The Construction Contracts Act 2013 introduces adjudication for the construction industry in Ireland for the first time. The essence of adjudication is in providing a means whereby disputes as to payment under a construction contract are resolved quickly and cheaply. The key feature distinguishing adjudication from other processes is that the money found due by the adjudicator must be paid pending the outcome of arbitration or litigation. Its primary function, therefore, is to ensure cash flow for contractors and sub-contractors.
Leading construction lawyer Anthony Hussey’s new book is the first to provide a section by section analysis of the Act itself, an analysis of the Code of Practice, and a discussion of the likely constitutional issues to which the legislation will give rise.
This practical legal reference is aimed at all those involved in construction contract disputes, be they lawyers, architects, engineers, quantity surveyors, contractors and sub-contractors.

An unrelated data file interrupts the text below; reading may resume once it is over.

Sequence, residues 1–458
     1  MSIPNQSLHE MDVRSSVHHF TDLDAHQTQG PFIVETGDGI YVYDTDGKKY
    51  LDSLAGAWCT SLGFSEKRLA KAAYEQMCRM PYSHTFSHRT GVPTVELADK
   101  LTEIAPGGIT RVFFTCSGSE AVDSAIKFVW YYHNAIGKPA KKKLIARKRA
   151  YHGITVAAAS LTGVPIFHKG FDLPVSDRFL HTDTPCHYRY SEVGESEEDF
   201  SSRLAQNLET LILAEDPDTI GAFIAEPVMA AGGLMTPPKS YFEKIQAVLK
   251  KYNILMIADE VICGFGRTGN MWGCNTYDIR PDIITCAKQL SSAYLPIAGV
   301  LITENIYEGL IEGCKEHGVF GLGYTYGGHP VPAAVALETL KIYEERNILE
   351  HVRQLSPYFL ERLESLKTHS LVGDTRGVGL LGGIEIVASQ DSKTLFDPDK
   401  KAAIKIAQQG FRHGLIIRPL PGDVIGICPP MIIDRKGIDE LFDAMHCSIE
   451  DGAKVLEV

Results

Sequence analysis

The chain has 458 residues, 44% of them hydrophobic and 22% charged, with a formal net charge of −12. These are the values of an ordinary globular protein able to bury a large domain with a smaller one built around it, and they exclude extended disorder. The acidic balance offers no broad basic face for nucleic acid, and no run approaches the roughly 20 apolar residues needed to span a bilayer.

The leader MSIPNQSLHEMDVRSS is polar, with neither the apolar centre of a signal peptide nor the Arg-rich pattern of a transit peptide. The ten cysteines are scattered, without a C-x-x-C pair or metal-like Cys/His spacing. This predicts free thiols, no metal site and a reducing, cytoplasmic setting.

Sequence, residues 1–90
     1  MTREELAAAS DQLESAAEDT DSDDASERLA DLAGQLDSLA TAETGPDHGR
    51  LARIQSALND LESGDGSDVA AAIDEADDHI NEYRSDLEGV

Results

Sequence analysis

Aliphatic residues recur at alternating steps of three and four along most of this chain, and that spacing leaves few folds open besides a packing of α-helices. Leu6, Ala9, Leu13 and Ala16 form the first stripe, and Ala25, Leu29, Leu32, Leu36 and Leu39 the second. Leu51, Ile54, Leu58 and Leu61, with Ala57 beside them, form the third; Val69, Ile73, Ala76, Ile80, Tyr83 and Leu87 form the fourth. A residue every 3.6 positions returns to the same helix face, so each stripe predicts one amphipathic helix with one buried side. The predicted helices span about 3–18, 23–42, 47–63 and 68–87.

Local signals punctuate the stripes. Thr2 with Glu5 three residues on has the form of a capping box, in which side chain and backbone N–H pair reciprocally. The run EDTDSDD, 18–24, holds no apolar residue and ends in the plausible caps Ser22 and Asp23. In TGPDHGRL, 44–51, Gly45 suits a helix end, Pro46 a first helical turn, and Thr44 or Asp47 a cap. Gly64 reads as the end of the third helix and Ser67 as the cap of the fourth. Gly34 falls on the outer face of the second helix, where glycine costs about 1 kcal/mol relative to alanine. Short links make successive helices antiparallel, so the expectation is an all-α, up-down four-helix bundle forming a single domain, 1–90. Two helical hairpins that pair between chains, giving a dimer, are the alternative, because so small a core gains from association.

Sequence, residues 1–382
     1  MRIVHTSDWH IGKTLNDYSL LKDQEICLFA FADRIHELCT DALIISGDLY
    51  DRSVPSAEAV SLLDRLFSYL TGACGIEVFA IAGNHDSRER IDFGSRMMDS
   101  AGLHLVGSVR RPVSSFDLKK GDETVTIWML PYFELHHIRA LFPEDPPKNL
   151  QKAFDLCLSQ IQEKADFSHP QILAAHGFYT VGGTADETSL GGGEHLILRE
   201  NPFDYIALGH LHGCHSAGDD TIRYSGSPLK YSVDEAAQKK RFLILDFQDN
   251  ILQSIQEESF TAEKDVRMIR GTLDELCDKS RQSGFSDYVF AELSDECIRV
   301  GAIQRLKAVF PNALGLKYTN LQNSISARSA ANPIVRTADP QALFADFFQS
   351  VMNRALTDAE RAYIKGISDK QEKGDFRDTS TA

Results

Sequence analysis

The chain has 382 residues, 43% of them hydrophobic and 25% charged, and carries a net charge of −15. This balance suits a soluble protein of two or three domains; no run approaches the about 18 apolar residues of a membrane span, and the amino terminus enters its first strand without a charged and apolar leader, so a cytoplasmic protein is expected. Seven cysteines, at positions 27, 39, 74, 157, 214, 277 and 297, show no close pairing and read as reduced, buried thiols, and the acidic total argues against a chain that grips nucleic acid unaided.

Table of Contents
1. Introduction 2. The Scope of the Act 3. Exclusions from the Scope of the Act 4. Payment Entitlements 5. Payment Claim Notices 6. The Adjudication Process 7. Selection of Panel of Adjudicators 8. Extent to Which Adjudicator’s Decision is Binding 9. Enforcement 10. Right to Suspend Work 11. Costs, Fees & Expenses 12. Code of Practice 13. Constitutional Issues 14. Miscellaneous Matters Appendix I: Construction Contracts Act 2013 Appendix II: Draft SI Incorporation Code of Practice
Anthony Hussey specialises in Construction Law and acts mainly for contractors and sub-contractors. His expertise in this regard is predominantly in the area of dispute resolution but he also advises on/drafts contract documents and issues of procurement law. He has previously lectured in the law of Contract and Tort for a postgraduate course at Trinity College, Dublin, Ireland, and was also external examiner to the postgraduate Construction Law course run by the engineering faculty of Trinity College.